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Tualatin man sentenced to 18 years in prison for child pornography

A Tualatin man who pleaded guilty last year to charges of making and distributing child pornography was sentenced last week.

Rodger Lee Strampher, 30, appeared Feb. 11 in Portland’s federal court. Senior U.S. District Judge Ancer L. Haggerty handed down a prison sentence of 18 years, a term recommended by both the prosecution and the defense.

Strampher was facing a maximum statutory conviction of 30 years, but a sentence of that length is actually rare, federal prosecutor Stacie F. Beckerman explained in a statement issued to The Times through the U.S. Attorney’s Office for the District of Oregon.

Using U.S. Federal Sentencing Guidelines, Beckerman weighed Strampher’s lack of prior criminal history, and the fact the offense did not include continuing criminal conduct, against the nature of Strampher’s crime, which she characterized as “repugnant” in a three-page government sentencing memo filed Feb. 5.

Beckerman called for an additional 20-year supervised release term, writing that the nature of the offense itself and “the age of (Strampher’s) victim…demonstrates that (Strampher) will continue to pose a risk to children when he is released from confinement.”

In a defense memo filed Feb. 6, Strampher’s attorney Andrew M. Kohlmetz recommended this sentencing by acknowledging his client’s “exceptionally series crime” and noted that Strampher’s case would serve “as a powerful deterrent to others and will incapacitate the defendant himself for an exceptional period of time.”

Kohlmetz requested that Strampher be housed at the Sheridan correctional facility.

Electronic footprints

An affidavit filed May 11, 2011, detailed the investigation that led to Strampher’s arrest later that month. Special Agent Josh Findley of the U.S. Department of Homeland Security authored the report in support of his application for a warrant to search Strampher’s residence in the 19300 block of 65th Avenue in Tualatin, as well as a warrant to access a Yahoo! email account belonging to Strampher’s wife, Chrystal Dietrich. Findley believed Strampher had used Dietrich’s account to exchange child pornography with Aloha couple Michael Marceau and Lisa Ford, who have since been sentenced to 50 years and 45 years in prison, respectively. Both Marceau and Ford were found guilty on a number of child pornography charges, and on charges of sexual abuse against Ford’s two young children.

Among Marceau’s recovered personal computer files were five images depicting the abuse of a “toddler-aged female child,” Findley wrote in the affidavit. A digital forensic specialist used metadata embedded in the image files to determine the photos had been taken by an Apple iPhone and time-stamped between 9:05 and 9:17 p.m. on March 2, 2009. An investigation by Ford’s public defender, Lisa Hay, revealed geographic coordinates that showed the photos had been taken within 0.3 miles of Strampher’s residence in Fairview.

Through interviews conducted with Marceau in March 2011, and with Ford in May 2011, Findley recreated a timeline of the couple’s relationship with Strampher. In his affidavit, Findley quoted email transcripts from Marceau’s Gmail account to show that Strampher first contacted Marceau on Jan. 28, 2009, in response to Marceau’s Craigslist post seeking another couple for sexual relations.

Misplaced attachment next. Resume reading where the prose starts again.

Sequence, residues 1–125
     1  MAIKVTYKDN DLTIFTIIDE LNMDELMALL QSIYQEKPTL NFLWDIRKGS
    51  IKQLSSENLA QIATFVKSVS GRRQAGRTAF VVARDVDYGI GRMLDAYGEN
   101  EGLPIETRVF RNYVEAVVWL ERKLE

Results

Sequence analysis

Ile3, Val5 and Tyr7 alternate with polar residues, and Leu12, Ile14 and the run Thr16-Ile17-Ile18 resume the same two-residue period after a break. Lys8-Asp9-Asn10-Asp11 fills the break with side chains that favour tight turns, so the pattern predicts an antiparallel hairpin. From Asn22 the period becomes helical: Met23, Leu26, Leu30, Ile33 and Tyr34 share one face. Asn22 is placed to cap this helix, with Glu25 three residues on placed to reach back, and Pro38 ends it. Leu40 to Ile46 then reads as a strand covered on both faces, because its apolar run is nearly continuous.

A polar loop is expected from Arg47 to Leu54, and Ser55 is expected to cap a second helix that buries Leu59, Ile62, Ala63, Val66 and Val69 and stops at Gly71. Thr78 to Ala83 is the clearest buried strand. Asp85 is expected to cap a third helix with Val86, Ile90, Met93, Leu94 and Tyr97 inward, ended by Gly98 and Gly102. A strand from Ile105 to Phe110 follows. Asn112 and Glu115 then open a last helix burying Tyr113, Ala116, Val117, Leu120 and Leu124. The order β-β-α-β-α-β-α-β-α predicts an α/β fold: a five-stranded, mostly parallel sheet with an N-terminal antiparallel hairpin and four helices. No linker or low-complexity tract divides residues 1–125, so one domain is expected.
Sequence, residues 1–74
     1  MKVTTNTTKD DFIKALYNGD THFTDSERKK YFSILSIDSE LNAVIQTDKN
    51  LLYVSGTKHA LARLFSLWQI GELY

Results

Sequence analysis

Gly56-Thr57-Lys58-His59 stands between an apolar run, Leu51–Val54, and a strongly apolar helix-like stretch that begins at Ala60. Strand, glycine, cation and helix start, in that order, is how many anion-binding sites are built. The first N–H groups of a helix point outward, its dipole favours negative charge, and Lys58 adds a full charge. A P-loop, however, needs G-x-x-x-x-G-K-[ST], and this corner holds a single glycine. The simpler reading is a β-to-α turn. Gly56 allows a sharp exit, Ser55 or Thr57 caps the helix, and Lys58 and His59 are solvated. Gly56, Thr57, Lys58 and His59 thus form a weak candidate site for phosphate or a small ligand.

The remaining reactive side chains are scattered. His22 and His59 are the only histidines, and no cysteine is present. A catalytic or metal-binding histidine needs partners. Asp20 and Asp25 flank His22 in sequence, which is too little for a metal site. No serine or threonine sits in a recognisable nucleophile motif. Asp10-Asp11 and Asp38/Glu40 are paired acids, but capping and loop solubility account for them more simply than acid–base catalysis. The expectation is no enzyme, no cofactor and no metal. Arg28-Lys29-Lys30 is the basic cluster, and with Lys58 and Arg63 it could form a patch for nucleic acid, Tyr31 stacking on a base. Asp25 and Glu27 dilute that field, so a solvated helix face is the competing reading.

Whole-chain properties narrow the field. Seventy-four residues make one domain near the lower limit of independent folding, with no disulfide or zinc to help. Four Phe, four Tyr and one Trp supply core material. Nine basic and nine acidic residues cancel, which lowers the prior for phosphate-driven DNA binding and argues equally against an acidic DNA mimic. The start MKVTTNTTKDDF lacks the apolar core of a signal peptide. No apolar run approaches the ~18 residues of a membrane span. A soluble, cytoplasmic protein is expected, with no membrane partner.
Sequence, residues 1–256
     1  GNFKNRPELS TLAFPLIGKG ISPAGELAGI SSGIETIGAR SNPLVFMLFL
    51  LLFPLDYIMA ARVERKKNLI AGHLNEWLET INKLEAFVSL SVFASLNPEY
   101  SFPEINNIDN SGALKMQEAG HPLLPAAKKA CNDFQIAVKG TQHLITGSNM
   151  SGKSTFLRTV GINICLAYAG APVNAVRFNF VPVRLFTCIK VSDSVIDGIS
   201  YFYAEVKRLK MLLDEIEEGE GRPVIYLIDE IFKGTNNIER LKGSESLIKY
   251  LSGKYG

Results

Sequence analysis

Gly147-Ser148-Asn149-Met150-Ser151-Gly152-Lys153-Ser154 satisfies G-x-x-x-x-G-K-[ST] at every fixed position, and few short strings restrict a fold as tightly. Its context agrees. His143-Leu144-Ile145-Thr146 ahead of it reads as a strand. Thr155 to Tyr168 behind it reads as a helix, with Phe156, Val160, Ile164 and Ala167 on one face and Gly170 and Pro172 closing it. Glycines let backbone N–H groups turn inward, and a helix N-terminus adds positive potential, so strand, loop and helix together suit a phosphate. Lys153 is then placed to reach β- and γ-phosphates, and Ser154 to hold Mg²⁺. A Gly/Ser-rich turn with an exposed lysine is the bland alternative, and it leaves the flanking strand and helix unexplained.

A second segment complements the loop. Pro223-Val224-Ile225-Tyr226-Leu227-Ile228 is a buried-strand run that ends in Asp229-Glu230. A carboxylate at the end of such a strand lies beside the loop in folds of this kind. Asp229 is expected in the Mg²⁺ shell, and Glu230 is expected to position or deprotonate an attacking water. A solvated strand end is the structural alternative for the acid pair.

Emails from the same day show that Marceau first received messages signed by both Strampher and Dietrich, but through profiling, Findley wrote that he determined Strampher alone authored emails to Marceau.

Transcripts show that Strampher and Marceau had revealed their “predatory sexual interest in children” that same day, Findley wrote. Both expressed desire for children as young as 5 years old, and Marceau offered and sent three sexually explicit photos of a child Findley believed to be Marceau’s stepdaughter.

Past trauma leads to prison

As part of a plea agreement dated June 25, 2012, Strampher admitted guilt and said the child he used in pornographic images was about 3 or 4 years old. Findley wrote that the victim had been in Strampher’s care at the time of the offense.

In his defense memo, Kohlmetz tried to establish Strampher as an individual whose early history of physical and sexual trauma had left him with “reduced capacity to make rational and appropriate decisions,” made worse by Strampher’s “acute and long-term drug and alcohol dependencies.”

Strampher claimed he began drinking when he was 12, Kohlmetz wrote, and was using alcohol daily by the time he was 15. At the time of his offense in 2009, Strampher claimed he was consuming up to a half gallon of alcohol daily, and that he used cocaine every 15 to 20 minutes during the day.

In arguing for an 18-year sentence with a 10-year supervised release term, Kohlmetz asked the court to consider evidence of Strampher’s remorse prior to law enforcement’s discovery of his crime: By March 9, 2009, Strampher was avoiding contact with Marceau and Ford in an attempt to end the relationship, Kohlmetz wrote.

“The truth of the matter is that Mr. Strampher already recognized the serious and deviant nature of his conduct in photographing (the victim),” Kohlmetz concluded. “Without the intervention of authorities, Mr. Strampher recognized the wrongfulness of his conduct and took steps to ensure he did not repeat his behavior.”



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